- David Cameron’s claim that there is ‘huge enthusiasm’ among GPs for for the NHS reform - 12 January 2011
- Head of the Royal College of GPs Clare Gerada says the reforms will lead to the end of the NHS - 19 November 2010
- BBC poll showing scepticism of NHS reforms among GPs - 7 October 2010
In January 2011 the Prime Minister argued that GPs were lining up behind his NHS reforms saying:
” There is huge enthusiasm among GPs to get this moving, and I think that it will show real benefits in patient choice.”
However, two months previously, Dr Clare Gerada, newly-elected head of the Royal College of GPs had been reported by the Guardian as attacking the NHS shake -up:
“The NHS will not survive intact Lansley’s plans to scrap many existing NHS bodies, introduce GP commissioning and push through greater competition between hospitals, she predicted.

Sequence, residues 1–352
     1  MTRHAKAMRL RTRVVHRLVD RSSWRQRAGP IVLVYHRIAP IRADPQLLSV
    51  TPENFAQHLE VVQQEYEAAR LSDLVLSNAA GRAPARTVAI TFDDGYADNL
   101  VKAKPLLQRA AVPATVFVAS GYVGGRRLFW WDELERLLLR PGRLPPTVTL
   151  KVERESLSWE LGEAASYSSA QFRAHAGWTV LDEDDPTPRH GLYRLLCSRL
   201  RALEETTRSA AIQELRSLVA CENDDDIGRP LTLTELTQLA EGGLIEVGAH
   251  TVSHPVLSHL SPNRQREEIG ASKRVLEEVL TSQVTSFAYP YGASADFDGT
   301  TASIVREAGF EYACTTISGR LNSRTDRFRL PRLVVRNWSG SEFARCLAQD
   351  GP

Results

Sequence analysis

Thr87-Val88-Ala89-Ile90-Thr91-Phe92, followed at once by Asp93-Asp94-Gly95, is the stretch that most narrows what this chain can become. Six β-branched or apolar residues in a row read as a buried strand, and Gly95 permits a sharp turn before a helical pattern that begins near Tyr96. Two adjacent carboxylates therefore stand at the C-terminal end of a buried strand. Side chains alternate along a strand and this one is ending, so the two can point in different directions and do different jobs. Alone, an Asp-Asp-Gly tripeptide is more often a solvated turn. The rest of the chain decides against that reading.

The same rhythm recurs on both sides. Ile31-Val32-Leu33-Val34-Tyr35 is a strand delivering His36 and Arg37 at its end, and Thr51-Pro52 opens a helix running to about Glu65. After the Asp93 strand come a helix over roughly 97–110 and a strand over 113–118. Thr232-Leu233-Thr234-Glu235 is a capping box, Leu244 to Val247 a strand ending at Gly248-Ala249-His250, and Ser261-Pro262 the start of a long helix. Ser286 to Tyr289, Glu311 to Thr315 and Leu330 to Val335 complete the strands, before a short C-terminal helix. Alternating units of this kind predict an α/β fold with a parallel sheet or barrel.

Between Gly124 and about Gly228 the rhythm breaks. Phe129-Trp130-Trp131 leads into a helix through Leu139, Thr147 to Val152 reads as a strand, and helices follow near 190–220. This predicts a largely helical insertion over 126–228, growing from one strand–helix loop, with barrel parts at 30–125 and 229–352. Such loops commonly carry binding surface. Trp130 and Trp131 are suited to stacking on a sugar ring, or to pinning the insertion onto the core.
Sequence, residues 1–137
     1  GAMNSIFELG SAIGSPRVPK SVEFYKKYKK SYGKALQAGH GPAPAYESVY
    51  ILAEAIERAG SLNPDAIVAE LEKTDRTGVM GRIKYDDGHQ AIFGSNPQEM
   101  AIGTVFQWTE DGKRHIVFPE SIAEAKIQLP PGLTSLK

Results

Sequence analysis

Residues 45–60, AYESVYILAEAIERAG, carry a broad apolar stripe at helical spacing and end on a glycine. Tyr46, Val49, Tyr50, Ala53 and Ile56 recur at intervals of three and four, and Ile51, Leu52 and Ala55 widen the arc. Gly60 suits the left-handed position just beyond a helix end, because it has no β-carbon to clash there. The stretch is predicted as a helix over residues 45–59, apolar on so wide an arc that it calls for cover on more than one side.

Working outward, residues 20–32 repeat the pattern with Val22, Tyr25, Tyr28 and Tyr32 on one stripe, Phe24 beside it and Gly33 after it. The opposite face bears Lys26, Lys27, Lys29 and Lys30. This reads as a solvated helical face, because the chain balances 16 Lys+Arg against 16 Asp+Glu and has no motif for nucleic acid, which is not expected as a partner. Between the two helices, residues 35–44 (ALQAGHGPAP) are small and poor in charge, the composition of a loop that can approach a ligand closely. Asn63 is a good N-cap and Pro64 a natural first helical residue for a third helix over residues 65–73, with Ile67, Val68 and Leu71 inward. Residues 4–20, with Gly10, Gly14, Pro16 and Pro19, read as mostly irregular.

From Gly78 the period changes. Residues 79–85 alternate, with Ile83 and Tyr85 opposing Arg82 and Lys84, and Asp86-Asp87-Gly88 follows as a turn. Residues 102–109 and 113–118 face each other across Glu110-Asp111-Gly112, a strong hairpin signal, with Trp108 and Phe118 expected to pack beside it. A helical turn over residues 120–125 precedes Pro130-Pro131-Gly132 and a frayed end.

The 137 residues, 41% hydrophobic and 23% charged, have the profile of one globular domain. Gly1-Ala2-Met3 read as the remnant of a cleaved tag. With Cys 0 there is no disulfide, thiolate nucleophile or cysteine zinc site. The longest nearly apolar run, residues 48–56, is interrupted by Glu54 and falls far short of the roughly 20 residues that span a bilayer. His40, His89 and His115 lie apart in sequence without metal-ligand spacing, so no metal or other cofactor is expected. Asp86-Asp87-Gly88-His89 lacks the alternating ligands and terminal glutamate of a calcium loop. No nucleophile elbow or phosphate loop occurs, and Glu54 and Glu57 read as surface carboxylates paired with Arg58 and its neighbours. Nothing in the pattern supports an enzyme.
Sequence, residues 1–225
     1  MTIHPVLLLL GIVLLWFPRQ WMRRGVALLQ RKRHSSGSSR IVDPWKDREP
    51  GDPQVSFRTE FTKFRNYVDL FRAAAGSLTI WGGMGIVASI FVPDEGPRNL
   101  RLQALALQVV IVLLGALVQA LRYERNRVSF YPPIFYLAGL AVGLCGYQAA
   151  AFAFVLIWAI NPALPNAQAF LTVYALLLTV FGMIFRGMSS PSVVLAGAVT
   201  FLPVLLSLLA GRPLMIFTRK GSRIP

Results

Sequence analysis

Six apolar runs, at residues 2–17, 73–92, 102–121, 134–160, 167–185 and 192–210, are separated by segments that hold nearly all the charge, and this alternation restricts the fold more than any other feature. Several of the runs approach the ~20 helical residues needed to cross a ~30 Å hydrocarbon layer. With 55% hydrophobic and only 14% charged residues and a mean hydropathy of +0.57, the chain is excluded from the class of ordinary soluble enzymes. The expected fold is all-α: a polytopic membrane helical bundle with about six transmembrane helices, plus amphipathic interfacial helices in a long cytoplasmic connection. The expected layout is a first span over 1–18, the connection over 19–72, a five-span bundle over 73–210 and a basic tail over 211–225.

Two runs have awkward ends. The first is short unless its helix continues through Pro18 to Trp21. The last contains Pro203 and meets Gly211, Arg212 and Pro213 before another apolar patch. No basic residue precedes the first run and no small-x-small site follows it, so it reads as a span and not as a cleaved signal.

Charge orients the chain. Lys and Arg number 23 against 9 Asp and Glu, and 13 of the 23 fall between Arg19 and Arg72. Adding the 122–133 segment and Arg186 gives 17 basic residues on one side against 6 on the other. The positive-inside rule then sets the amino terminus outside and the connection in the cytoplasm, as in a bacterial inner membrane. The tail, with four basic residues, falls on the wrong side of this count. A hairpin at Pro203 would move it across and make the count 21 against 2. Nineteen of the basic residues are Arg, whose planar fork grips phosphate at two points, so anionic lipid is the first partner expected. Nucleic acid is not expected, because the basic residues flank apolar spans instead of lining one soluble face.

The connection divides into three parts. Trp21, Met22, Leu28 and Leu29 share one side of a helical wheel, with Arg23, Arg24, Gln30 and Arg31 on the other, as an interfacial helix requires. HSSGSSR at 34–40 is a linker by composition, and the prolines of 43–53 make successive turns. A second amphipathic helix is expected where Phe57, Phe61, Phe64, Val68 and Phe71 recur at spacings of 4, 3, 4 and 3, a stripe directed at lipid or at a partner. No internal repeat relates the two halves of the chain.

“I think it is the end of the NHS as we currently know it, which is a national, unified health service, with central policies and central planning, in the way that [Aneurin] Bevan imagined,” said 51-year-old Gerada, who represents Britain’s 40,000 family doctors.”
Earlier, in October, the BBC reported a ComRes poll of 827 GPs that found that:
“25% said they would be willing to take on the extra responsibility of planning and buying health care for their local populations with 57% saying they would not and 18% expressing no opinion.
“A majority also felt they were not well prepared to become involved in commissioning care in the following areas – cancer, emergency hospital care, mental health and paediatrics.
“While it could be argued there is still plenty of time to train and prepare doctors, it is the fact that so many GPs are struggling to see how the overhaul will benefit patients that has caused most concern.
“Only 23% said it would benefit patients with 45% saying it would not and 32% expressing no opinion.”